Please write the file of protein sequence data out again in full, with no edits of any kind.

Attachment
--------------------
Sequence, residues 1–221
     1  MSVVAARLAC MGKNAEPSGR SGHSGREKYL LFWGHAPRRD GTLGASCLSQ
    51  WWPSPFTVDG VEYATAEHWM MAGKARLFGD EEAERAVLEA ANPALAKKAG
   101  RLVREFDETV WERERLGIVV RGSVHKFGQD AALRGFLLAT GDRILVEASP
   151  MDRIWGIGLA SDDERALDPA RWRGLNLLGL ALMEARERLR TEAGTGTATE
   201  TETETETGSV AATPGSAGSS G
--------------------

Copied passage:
Sequence, residues 1–221
     1  MSVVAARLAC MGKNAEPSGR SGHSGREKYL LFWGHAPRRD GTLGASCLSQ
    51  WWPSPFTVDG VEYATAEHWM MAGKARLFGD EEAERAVLEA ANPALAKKAG
   101  RLVREFDETV WERERLGIVV RGSVHKFGQD AALRGFLLAT GDRILVEASP
   151  MDRIWGIGLA SDDERALDPA RWRGLNLLGL ALMEARERLR TEAGTGTATE
   201  TETETETGSV AATPGSAGSS G